Wilifred Owen Writes About Misconceptions of War in Disabled

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Wilfred Owen, as one of the many young men who join the military during World War I, has his own misconceptions of war, but it does not take him long to realize what war is all about. Owen’s position quickly becomes an anti-war because of his personal experiences and observations during the Great War. Owen uses poetry to inform the public that war is not just about patriotism, gallantry, and glory but also about atrocity, cruelty, and destruction. Through his poetry, Owen critiques government officials, religious authorities and public figures, for glorifying the war and sending naïve young men to death and destruction. Examples of Owen’s anti-war sentiment and criticism of the public’s ignorance regarding war can be found in his poem,…show more content…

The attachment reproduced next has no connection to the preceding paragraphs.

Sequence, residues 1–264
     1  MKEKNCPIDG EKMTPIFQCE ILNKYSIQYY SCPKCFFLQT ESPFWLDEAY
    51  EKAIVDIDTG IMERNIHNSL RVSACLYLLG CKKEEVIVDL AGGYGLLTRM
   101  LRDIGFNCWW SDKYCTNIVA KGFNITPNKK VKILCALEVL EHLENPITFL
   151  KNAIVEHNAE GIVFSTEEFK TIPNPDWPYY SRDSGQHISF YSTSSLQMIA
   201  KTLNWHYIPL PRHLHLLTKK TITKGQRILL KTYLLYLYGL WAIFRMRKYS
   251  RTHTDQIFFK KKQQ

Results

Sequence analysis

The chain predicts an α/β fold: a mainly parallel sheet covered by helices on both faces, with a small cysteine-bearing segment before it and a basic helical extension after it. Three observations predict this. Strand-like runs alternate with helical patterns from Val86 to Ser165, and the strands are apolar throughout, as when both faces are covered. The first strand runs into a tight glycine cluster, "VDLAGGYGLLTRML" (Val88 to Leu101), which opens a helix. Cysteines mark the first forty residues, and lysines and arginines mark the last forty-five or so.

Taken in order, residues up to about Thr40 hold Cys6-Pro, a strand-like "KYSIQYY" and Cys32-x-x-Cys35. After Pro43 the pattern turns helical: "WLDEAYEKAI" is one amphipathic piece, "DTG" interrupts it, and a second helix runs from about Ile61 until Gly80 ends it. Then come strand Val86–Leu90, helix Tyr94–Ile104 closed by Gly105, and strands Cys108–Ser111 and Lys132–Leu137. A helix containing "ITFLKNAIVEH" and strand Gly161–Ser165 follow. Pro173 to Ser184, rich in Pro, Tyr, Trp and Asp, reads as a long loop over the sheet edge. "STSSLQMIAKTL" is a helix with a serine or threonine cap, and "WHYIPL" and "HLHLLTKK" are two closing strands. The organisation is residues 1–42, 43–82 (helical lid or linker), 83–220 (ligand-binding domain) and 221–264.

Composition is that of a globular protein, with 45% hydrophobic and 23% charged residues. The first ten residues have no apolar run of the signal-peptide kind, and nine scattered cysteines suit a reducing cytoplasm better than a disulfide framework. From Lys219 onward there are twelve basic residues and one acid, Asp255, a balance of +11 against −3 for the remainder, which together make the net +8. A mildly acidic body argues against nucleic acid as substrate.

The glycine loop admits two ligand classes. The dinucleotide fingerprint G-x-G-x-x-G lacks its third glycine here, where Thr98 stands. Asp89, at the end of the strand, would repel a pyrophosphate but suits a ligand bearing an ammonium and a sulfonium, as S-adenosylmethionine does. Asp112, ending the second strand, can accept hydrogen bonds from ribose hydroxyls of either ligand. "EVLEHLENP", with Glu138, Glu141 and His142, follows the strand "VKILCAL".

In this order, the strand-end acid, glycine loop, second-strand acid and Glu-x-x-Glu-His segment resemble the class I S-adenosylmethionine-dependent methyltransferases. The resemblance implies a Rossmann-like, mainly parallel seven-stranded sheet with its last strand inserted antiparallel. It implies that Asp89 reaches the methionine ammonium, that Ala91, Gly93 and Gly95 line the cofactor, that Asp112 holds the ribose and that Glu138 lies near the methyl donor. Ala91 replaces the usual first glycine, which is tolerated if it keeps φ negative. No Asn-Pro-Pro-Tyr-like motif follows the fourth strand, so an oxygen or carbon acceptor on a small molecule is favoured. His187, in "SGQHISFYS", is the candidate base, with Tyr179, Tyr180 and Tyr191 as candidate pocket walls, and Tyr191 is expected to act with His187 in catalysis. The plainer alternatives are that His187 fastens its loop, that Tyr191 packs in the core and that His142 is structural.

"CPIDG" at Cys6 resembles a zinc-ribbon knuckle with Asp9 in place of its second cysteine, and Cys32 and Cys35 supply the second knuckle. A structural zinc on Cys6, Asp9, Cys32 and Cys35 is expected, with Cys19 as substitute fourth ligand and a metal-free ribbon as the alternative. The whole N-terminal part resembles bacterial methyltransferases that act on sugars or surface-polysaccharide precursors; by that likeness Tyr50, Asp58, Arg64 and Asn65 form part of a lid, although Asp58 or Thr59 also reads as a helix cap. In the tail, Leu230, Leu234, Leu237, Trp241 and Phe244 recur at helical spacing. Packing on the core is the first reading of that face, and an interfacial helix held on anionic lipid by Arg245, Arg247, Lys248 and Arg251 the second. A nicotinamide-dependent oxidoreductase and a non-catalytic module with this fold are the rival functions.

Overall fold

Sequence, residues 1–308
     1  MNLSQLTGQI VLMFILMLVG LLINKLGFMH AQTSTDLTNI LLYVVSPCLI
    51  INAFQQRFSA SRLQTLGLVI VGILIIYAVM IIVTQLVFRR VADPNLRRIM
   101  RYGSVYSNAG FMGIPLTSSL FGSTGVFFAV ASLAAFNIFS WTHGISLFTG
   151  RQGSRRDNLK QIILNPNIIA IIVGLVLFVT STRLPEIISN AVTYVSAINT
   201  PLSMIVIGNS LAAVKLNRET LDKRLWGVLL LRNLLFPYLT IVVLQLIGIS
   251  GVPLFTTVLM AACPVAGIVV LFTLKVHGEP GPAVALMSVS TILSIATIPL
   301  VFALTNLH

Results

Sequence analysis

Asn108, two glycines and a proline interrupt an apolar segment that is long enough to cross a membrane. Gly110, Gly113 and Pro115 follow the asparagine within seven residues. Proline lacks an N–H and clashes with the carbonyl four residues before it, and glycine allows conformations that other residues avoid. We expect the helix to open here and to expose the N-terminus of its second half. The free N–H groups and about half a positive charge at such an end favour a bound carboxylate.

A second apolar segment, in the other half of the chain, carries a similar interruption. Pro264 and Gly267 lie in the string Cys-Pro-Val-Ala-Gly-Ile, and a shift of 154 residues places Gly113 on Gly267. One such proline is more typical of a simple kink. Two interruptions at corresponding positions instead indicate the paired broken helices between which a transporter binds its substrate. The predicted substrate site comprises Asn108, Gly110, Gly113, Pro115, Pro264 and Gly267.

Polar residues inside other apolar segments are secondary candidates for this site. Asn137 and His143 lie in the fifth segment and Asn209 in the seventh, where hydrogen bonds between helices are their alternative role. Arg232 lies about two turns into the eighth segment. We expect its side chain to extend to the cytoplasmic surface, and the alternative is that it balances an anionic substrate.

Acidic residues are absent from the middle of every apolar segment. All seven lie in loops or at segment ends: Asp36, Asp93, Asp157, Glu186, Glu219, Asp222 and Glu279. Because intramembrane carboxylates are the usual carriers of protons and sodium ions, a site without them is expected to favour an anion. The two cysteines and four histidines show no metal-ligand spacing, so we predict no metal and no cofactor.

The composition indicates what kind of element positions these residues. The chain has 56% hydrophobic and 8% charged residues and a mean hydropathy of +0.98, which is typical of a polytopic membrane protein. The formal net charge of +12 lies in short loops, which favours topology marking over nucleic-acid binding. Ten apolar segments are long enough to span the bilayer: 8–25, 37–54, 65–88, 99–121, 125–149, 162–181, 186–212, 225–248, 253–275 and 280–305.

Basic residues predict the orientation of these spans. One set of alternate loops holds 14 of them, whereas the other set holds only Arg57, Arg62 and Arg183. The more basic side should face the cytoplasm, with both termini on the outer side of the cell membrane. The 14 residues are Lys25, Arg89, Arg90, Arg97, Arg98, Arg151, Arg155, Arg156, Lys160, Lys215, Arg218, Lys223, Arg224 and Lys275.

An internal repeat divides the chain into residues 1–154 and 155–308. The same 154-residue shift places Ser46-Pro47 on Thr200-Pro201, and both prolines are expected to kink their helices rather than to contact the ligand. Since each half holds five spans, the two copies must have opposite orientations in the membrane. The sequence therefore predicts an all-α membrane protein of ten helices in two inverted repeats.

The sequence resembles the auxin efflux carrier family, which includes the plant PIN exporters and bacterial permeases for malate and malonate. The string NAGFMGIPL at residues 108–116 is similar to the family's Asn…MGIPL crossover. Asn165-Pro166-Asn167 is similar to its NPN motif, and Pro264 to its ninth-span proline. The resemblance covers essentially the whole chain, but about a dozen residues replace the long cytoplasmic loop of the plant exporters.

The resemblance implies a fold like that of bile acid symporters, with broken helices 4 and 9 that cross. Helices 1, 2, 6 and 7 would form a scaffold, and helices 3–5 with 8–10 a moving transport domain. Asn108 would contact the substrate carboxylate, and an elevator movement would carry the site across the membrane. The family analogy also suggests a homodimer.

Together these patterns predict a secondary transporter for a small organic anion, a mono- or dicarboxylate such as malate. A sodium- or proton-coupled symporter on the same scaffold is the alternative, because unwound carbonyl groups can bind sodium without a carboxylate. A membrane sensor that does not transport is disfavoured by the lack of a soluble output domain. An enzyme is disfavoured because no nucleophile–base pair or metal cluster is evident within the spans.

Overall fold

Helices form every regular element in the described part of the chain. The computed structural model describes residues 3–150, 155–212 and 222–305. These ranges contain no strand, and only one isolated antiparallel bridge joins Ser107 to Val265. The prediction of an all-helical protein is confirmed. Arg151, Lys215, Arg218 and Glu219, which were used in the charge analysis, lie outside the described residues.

The government officials use these notions, coupled with the naivety of young men, to portray a different picture of war and recruit more soldiers. Furthermore, Owen comments on the lack of understanding of the war, displayed by officials and civilians alike. Owen writes, “Now, he will spend a few sick years in institutes, / And do what things the rules consider wise,” (Ward 24) and conveys the message that civilians really do not have a definitive solution for the physical and psychological destruction wrought by war. The young recruit in “Disabled” is a prominent high school football player. He might pursue a different path if he were able to understand the ramifications of serving in the war. Instead, he departs for overseas amid glamorous celebrations and fanfare. This glorification of war is short-lived though, as his return from the war is unnoticed and dull. As Owen writes, “Some cheered him home, but not as crowds cheer Goal. / Only a solemn man who brought him fruits / Thanked him; and then enquired about his soul” (Ward 24). Owen questions the behavior of civilians upon the young man’s return from war. The crippled war veteran is not greeted with fanfare or treated as a hero. Rather, the civilians express pity for his injuries or are simply indifferent. Through his experiences, the young man comes to see the true

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